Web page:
The One Big Problem With Bringing Amtrak to City Hall
“Ladies and gentlemen, the next station stop for this train is City Hall station in Philadelphia. Please check your seat and make sure you have all personal belongings with you as you leave the train. Thank you for riding Amtrak.”
At least one Philadelphian would love to hear this announcement. In an essay in the Philadelphia Business Journal yesterday, Bob Previdi, former spokesperson for City Council member Anna Verna, noted that running Amtrak trains through the heart of the city, stopping at a renamed Suburban Station on the way to New York, would offer all sorts of benefits: increased convenience for Amtrak travelers, increased property values for homes and offices now closer to intercity rail service, and even luring New Yorkers to Philly to live, as their commutes and their tax bills would both shrink.
There’s a lot that’s appealing about this idea. 30th Street Station, grand though it is, is across the river from the heart of the city, and Previdi is far from the only person who would love to see restored the city center access that was lost when Broad Street Station was closed in 1952. And he is right to note that this city, like London, has already made a major investment in easy rail access in the form of the Commuter Tunnel.
But in saying that the only thing standing in the way of operating Amtrak service through the Commuter Tunnel is the political will to bring the passenger and freight railroads together to implement the through-tunnel service, he is ignoring one big fact on the ground.
The problem with the proposal is this: Once Amtrak trains would exit the Commuter Tunnel’s east portal, there would be no way for them to get back to the tracks heading to New York Penn Station. That’s because the tracks feeding the tunnel from the north belonged to the Reading Railroad, and the Reading had no physical connections to its crosstown rival, the Pennsylvania.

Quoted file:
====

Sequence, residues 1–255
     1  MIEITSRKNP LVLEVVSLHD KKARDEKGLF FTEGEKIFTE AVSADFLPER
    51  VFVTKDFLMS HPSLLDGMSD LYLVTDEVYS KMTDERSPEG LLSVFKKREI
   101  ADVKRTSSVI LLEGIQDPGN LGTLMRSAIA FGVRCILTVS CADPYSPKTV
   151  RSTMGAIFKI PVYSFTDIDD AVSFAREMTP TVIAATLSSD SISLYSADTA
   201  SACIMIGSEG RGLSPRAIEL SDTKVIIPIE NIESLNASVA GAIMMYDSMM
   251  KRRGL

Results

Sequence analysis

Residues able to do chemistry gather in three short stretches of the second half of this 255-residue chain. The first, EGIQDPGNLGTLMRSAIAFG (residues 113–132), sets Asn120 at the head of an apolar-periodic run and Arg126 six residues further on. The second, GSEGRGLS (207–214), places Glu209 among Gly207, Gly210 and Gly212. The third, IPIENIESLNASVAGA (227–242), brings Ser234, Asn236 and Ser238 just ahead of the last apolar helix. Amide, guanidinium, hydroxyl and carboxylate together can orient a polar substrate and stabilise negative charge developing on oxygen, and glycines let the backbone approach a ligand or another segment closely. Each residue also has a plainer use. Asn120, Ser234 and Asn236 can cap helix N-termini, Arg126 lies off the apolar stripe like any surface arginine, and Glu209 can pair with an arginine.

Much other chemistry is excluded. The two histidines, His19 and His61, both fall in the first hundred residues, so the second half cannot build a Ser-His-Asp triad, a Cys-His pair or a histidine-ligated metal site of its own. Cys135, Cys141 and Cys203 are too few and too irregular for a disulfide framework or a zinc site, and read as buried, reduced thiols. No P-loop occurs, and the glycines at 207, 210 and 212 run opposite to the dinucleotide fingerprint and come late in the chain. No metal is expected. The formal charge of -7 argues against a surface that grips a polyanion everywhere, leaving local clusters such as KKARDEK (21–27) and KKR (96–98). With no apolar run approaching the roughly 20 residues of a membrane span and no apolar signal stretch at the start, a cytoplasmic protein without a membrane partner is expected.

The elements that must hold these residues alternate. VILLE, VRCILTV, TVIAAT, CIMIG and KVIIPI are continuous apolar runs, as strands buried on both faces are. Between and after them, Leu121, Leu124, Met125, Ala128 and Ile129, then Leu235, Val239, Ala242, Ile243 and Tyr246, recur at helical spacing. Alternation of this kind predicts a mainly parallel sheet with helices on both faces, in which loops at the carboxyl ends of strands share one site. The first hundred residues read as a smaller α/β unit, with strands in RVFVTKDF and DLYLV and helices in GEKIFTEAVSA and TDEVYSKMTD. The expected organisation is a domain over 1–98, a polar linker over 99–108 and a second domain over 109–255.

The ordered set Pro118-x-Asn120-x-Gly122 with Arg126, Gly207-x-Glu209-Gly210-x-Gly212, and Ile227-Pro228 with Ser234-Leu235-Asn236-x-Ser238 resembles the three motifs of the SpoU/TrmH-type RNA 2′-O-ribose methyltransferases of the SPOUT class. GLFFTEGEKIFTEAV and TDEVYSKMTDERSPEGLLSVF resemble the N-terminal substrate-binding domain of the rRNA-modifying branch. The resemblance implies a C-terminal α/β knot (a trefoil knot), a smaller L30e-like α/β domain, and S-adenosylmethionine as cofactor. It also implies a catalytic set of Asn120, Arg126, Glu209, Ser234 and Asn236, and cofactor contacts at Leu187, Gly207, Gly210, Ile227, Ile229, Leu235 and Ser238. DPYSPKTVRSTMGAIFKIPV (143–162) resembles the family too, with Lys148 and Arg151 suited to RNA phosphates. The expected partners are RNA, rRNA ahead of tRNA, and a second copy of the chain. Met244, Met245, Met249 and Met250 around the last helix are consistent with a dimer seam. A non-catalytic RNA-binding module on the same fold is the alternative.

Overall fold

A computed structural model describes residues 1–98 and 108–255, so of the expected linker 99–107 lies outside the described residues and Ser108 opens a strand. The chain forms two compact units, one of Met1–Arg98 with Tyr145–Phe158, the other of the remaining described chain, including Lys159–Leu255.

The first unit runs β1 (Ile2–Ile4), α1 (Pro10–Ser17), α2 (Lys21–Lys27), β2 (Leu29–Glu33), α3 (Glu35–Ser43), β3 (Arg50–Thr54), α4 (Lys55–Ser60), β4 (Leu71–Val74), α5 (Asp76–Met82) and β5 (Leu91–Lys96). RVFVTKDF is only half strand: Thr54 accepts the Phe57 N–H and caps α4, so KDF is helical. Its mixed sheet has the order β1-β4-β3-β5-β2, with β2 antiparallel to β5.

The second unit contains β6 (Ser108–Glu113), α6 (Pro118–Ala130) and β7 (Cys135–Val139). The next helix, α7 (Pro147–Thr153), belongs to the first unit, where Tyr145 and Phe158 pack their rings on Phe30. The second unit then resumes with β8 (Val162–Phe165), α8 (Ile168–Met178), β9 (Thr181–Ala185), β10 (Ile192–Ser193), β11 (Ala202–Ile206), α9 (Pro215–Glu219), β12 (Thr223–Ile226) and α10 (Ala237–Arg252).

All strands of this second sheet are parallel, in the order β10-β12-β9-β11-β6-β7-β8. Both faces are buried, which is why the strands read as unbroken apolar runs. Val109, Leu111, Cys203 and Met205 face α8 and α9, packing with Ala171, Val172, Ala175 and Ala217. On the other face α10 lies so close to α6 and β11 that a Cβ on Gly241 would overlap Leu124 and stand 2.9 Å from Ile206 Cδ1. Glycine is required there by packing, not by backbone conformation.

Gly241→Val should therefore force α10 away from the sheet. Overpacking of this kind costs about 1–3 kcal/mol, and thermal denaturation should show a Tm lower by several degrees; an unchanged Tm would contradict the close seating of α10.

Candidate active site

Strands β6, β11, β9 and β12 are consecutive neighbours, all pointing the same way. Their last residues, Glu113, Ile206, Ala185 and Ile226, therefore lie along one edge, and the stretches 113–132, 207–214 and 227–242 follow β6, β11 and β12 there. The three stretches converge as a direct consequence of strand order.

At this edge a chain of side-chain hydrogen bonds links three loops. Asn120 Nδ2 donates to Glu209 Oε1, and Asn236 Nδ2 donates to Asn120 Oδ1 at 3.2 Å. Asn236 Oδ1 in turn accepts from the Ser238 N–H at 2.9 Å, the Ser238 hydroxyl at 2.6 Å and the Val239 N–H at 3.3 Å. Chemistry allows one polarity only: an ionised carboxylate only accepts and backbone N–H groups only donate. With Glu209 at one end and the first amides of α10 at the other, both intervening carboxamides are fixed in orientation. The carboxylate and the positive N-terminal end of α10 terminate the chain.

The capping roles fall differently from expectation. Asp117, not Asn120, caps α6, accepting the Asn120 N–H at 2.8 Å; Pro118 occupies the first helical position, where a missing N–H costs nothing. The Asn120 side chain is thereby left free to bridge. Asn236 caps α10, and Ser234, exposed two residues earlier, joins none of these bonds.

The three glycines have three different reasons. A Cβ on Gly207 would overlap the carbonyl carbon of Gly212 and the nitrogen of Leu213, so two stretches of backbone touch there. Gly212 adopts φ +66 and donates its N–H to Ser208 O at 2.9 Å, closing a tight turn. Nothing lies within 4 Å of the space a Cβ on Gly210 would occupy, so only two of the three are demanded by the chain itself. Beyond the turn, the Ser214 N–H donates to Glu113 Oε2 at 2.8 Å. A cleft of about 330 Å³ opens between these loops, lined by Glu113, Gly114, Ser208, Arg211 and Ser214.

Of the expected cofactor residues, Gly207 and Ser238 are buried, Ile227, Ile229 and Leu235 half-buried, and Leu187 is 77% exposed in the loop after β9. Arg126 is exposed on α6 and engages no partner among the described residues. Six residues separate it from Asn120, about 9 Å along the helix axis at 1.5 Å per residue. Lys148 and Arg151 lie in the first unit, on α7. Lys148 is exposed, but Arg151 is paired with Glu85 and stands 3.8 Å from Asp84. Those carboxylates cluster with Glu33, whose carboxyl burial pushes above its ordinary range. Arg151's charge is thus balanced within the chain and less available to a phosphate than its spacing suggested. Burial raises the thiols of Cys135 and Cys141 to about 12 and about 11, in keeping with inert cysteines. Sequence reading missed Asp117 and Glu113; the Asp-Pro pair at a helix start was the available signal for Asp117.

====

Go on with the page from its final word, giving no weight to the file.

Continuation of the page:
The Reading did operate its own Philadelphia-New York trains, to be sure. They followed the route of what’s now SEPTA’s West Trenton Line and used the Jersey Central to reach a terminal in Jersey City, where passengers could catch ferries to Lower Manhattan.
The Jersey Central and the Jersey City train station are both gone. And even if a new terminal were built there, it would simply trade inconvenience in New York for inconvenience in Philadelphia.
A new, high-speed connection would have to be built to allow Amtrak Northeast Regional trains to run between Washington and New York via “Philadelphia City Hall.” And that would cost some money and require some land.
The good news is that there is a place where such a connection could be built. It’s near Woodbourne station on the West Trenton line. South of this station, the West Trenton line tracks pass under the former Pennsylvania Railroad Trenton Cutoff, which connects with the main Northeast Corridor line at Morrisville, just across the Delaware from Trenton. A two-track flyover there from south of the crossover to east of it would allow for the through Commuter Tunnel service Previdi would like to see. Build that, and restore the catenary from the junction to Morrisville, and we’re in business.
It would cost less to build this than it would to build the north-south tunnel under Philadelphia with stations at the airport and Market East Penn Praxis students envisioned as a routing for a future Northeast high-speed rail line.
Do we have the money and the political will to do this? Should we even do this at all? I know what Bob Previdi would say. What about you?
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